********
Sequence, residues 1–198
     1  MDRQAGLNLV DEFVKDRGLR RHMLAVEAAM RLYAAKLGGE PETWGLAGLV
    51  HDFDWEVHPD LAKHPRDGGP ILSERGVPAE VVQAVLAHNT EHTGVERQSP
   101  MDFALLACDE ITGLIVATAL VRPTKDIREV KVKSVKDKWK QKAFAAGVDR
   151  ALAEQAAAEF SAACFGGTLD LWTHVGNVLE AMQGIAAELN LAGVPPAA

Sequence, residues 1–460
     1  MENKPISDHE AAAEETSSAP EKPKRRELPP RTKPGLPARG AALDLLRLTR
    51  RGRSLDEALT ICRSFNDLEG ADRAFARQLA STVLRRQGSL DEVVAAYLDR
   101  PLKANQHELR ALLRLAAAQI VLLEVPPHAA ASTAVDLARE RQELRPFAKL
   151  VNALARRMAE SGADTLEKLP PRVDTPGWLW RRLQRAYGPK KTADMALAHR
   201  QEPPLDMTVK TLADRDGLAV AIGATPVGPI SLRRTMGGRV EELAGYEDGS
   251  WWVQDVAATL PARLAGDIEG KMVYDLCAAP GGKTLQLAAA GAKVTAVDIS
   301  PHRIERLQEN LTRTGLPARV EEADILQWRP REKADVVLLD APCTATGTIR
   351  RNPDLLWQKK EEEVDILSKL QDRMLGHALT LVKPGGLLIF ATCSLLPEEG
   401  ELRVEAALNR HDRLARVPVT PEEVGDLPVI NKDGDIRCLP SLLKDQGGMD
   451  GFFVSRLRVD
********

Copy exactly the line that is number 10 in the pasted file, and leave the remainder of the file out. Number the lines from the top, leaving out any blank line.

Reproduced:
   151  VNALARRMAE SGADTLEKLP PRVDTPGWLW RRLQRAYGPK KTADMALAHR